Contributed by Rep. Shelley Hughes, Senate Seat F Candidate
I don’t know a soul who isn’t ready for this political season of swirling accusations and heated debates to end. At the same time, there’s a lot to sort out. What I’ve found helpful lately is to close the social media apps, turn off the radio, walk away from the TV, take a deep breath and then spend a little time thinking through what’s at stake, what I fundamentally believe and what I can do about it.
Since I’m asking to be the next state senator for District F, I thought I’d share my most recent internal ponderings to help you better understand how I’m processing what’s before us and why, despite all the worry and anxiety over what may happen nationally on November 8, I’m hopeful.
You may wonder why someone who is seeking to serve Alaskans at the state level would delve into a discussion about the national scene, but bear with me. There will be an intersection.
Most Alaskans, wherever we are on the political spectrum, agree that the power and influence of the federal government has increased since statehood. In fact last year, a poll by Dittman Research showed that here in Alaska 82% of us crossing socioeconomic and party lines, think it’s important that we push back against the federal government overstepping its bounds.
Now, don’t get me wrong. We all recognize that the federal government is not all bad and that it’s helped Alaska in many ways over the years and that certain functions, such as national defense are essential. It’s the overstepping, the overreaching that’s the problem.
Considering that we presently face a serious fiscal shortfall at the state level, I can’t help but wonder how much less of a problem it would be if we’d been able to advance projects and economically diversify across this great state of ours without repeatedly and consistently hitting federal brick walls at every turn. I also can’t help but wonder how much more easily and quickly we could get on the other side of the current challenges if we were confident that doors to opportunities wouldn’t be slammed shut in our faces by the feds, or at least wouldn’t be so painfully difficult, costly and slow to get through.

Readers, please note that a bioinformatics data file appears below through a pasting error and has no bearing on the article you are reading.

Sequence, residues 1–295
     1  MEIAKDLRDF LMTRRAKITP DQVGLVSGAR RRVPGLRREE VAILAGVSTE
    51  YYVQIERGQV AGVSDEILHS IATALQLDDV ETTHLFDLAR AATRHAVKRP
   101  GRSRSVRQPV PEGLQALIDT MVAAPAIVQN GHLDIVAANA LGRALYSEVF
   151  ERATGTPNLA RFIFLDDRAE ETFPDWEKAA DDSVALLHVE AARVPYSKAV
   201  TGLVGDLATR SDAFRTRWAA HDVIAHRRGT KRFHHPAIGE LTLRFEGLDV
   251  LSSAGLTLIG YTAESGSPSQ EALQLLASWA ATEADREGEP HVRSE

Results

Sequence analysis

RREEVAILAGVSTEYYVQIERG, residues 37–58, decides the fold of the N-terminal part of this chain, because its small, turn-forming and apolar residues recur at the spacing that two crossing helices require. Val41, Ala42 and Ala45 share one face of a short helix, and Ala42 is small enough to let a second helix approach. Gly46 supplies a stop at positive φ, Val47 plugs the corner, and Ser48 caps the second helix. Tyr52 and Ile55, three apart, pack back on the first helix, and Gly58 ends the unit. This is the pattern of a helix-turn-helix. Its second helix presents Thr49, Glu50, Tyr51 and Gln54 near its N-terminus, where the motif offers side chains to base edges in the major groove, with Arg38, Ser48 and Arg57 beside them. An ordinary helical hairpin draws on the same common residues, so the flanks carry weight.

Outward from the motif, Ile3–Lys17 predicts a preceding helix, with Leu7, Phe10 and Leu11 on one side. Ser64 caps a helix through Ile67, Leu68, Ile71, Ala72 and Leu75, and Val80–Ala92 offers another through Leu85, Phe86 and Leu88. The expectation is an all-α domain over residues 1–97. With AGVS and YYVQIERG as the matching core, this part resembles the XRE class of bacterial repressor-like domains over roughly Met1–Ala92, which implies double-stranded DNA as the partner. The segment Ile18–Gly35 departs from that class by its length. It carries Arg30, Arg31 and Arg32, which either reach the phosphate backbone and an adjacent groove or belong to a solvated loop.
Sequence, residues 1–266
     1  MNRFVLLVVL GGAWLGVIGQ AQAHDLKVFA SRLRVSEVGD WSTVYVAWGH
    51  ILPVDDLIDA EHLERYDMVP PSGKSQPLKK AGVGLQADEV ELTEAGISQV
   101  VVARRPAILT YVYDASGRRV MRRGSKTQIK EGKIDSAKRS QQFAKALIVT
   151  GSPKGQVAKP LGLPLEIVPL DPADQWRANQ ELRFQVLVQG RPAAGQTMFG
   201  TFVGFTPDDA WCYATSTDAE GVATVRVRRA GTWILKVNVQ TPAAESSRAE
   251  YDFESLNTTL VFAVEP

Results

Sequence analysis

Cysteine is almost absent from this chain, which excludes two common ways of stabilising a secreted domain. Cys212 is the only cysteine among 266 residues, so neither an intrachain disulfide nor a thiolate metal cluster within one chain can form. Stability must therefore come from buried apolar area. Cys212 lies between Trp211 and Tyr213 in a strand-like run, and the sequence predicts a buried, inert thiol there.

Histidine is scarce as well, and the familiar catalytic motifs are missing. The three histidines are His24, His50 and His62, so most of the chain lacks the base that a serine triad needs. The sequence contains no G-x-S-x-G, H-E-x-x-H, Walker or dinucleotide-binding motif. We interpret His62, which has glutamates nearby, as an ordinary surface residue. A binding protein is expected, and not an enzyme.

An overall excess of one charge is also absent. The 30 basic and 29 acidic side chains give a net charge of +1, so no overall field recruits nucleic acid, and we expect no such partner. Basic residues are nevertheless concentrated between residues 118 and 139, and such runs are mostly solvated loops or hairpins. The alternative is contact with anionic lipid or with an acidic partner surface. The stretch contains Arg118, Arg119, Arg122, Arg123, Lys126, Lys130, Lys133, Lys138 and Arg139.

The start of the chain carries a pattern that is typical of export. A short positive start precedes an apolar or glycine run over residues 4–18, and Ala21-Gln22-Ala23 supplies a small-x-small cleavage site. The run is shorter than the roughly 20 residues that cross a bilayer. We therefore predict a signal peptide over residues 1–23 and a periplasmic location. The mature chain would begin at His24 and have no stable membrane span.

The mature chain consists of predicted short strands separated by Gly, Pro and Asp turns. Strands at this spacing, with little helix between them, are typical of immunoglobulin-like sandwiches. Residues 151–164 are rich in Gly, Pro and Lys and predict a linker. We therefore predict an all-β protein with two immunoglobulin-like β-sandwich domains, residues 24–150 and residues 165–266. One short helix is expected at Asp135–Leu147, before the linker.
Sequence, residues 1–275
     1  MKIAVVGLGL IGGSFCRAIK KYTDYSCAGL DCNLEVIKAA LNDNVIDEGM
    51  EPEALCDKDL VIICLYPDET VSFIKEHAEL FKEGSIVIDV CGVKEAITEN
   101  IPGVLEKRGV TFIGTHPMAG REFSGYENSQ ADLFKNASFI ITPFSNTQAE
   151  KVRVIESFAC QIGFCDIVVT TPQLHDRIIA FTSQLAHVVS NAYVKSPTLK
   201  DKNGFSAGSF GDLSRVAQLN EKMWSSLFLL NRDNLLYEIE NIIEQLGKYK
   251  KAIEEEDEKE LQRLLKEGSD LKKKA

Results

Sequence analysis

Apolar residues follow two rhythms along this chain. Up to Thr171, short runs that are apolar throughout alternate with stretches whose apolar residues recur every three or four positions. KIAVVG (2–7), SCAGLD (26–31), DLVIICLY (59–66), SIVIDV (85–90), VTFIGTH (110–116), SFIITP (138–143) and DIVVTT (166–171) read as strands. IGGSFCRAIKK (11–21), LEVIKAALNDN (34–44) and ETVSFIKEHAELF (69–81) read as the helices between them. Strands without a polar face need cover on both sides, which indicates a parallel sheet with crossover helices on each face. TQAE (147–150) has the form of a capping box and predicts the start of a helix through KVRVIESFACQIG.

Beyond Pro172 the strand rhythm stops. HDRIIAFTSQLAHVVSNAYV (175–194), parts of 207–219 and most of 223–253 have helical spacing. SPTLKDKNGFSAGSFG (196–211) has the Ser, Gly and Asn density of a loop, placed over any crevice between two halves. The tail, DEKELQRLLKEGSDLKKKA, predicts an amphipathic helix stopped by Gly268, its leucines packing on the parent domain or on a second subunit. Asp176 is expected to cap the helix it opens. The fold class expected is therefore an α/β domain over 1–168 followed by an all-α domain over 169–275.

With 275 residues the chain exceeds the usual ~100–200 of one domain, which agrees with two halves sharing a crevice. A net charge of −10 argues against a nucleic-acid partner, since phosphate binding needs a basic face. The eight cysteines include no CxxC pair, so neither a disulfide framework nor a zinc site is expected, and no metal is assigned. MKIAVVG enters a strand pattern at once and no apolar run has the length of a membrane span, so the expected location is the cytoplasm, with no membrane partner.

Now, back to the November election and the impending results of the races at the national level. We’ve all got our preferred candidates but if history teaches us anything, we have to face the music. To fix the ever-growing federal encroachment, it’s going to take more than what any single candidate can deliver.
Individual U.S. senators, members of Congress and presidents can be great defenders of freedom, promoters of liberty, advocates for limited government and even proponents of states’ rights, but have any of them been able to reverse the trend in Washington, D.C. of an ever-increasing and seemingly unstoppable, overstepping federal government? Some have done their best to slow it down - President Reagan was a fierce champion of everything I just listed and he did a marvelous job during his years in office to stem the tide and increase opportunities and prosperity. But the trend has persisted since, despite his valiant efforts.
So whoever the winners are in November, we simply can’t expect them to remedy the growing federal government and encroachment problem - it’s going to take something else to do the trick. Congress won’t fix itself and we need to realize that. The president isn’t going to wake up one day and want less power. The federal judicial branch isn’t going to suddenly turn over a new leaf (yes, the pun is intended!).